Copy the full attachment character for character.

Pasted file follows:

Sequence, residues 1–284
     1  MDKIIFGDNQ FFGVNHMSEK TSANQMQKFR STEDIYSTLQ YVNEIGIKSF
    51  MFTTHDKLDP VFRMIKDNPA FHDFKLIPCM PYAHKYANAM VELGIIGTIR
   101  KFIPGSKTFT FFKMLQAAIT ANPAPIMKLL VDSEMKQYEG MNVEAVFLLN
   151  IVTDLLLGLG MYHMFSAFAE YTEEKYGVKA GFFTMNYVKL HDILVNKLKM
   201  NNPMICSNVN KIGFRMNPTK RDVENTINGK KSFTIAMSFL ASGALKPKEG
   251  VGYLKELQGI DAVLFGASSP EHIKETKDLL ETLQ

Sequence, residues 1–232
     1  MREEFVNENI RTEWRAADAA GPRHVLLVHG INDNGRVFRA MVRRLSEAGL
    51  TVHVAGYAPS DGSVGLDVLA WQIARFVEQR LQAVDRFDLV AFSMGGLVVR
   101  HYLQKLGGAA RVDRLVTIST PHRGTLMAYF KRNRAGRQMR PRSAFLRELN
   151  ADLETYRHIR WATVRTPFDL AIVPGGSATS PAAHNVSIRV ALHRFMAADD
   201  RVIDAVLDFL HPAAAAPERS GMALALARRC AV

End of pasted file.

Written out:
Sequence, residues 1–284
     1  MDKIIFGDNQ FFGVNHMSEK TSANQMQKFR STEDIYSTLQ YVNEIGIKSF
    51  MFTTHDKLDP VFRMIKDNPA FHDFKLIPCM PYAHKYANAM VELGIIGTIR
   101  KFIPGSKTFT FFKMLQAAIT ANPAPIMKLL VDSEMKQYEG MNVEAVFLLN
   151  IVTDLLLGLG MYHMFSAFAE YTEEKYGVKA GFFTMNYVKL HDILVNKLKM
   201  NNPMICSNVN KIGFRMNPTK RDVENTINGK KSFTIAMSFL ASGALKPKEG
   251  VGYLKELQGI DAVLFGASSP EHIKETKDLL ETLQ

Sequence, residues 1–232
     1  MREEFVNENI RTEWRAADAA GPRHVLLVHG INDNGRVFRA MVRRLSEAGL
    51  TVHVAGYAPS DGSVGLDVLA WQIARFVEQR LQAVDRFDLV AFSMGGLVVR
   101  HYLQKLGGAA RVDRLVTIST PHRGTLMAYF KRNRAGRQMR PRSAFLRELN
   151  ADLETYRHIR WATVRTPFDL AIVPGGSATS PAAHNVSIRV ALHRFMAADD
   201  RVIDAVLDFL HPAAAAPERS GMALALARRC AV